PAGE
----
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Page last updated at 05:21 GMT, Tuesday, 3 June 2008 06:21 UK

New appeal for N Korea food aid

By John Sudworth
BBC News, Seoul

North Koreans queue for food at a kiosk in Pyongyang on 26 February 2008
North Korea does not produce enough food to feed its 23 million people

Influential religious groups in South Korea are urging their government to send food aid to North Korea.

South Korea usually provides about 400,000 tonnes of rice to Pyongyang every year.

But despite warnings that its neighbour may be on the brink of famine, it has sent none this year.

North Korea has been dependent on food aid for years. Severe flooding last year added to its problems, devastating swathes of agricultural land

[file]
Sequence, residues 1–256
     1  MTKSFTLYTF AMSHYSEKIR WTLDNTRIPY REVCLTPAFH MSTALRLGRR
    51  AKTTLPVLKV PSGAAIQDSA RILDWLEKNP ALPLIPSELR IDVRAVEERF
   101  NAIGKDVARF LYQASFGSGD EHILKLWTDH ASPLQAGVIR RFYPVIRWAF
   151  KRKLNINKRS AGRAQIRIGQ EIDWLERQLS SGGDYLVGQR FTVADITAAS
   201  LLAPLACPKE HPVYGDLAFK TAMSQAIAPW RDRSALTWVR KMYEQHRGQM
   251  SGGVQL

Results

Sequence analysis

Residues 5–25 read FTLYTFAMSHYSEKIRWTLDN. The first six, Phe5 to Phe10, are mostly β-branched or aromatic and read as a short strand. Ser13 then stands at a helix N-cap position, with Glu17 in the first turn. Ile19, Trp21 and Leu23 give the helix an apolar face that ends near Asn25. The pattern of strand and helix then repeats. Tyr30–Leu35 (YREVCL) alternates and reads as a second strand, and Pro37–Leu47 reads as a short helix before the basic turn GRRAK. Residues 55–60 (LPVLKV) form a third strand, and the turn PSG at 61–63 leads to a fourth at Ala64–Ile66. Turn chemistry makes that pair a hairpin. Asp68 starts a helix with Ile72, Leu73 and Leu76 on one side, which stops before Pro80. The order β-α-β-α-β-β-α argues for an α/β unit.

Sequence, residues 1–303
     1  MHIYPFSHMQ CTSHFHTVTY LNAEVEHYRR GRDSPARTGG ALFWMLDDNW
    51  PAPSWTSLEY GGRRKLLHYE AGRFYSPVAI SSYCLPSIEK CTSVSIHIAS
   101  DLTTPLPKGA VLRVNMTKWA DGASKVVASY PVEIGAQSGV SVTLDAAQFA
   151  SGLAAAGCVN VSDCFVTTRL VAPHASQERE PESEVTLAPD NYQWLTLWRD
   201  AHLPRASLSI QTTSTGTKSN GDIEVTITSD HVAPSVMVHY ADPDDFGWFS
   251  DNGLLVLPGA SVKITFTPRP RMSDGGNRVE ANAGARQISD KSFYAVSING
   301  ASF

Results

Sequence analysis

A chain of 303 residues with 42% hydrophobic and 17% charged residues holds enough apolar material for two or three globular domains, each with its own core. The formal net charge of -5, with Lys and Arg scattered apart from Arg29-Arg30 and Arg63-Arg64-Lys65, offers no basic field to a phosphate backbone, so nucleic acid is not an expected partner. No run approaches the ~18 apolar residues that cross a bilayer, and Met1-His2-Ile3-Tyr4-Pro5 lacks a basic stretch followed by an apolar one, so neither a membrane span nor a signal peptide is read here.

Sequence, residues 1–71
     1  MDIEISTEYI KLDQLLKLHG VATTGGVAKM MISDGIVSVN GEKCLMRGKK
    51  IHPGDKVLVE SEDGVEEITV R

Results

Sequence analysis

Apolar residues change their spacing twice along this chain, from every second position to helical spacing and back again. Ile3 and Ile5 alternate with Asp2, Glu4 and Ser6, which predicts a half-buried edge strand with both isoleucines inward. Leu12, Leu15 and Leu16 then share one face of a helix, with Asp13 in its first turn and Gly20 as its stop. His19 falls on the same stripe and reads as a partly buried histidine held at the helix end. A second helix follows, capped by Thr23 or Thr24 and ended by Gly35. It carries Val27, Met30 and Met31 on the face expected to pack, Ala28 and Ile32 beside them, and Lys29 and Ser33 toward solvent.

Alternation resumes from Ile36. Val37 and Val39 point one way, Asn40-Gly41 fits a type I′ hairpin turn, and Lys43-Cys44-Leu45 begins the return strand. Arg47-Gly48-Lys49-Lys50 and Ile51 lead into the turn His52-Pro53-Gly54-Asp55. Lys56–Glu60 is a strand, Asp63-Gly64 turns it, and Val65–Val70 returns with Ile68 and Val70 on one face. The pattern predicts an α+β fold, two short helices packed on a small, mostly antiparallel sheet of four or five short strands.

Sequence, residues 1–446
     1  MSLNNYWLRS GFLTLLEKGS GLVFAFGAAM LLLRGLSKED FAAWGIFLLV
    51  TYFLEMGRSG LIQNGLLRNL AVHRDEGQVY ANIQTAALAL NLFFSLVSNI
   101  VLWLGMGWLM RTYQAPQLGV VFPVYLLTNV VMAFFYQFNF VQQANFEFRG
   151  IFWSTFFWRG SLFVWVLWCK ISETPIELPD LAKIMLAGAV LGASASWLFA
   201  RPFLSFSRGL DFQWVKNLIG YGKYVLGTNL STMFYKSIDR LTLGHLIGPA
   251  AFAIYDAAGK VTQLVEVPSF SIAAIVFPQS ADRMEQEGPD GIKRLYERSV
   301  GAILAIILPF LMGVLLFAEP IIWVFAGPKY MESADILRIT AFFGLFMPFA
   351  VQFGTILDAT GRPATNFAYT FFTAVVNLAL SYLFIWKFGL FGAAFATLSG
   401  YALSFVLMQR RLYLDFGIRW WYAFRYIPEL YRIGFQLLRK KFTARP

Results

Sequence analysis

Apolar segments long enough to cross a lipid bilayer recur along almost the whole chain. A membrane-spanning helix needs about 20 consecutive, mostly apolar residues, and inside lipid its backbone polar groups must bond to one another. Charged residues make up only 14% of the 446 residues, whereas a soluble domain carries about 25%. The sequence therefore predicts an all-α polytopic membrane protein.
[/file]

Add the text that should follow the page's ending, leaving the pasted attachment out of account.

'Save people'

Reports from North Korea say that once again the state food distribution system has broken down.

One South Korean aid group reports that 10 years after a devastating famine killed hundreds of thousands of people, residents in rural areas are surviving by adding tree bark and grass to their diets.

Geum Hee

Now heads of some religious and civic groups in South Korea are urging their government to provide assistance.

"We should save people regardless of who they are," the leaders wrote in their joint statement.

South Korea has a new conservative president, Lee Myung-bak, who is taking a more frosty approach to inter-Korean relations.

The North will not ask for assistance, the South seems reluctant to provide it without a formal request.

Instead the United States has stepped in, agreeing to send half a million tonnes of food to the North through the United Nations World Food Programme.

It says it has secured the necessary guarantees to ensure that the aid reaches those who need it most and is not diverted to the military.

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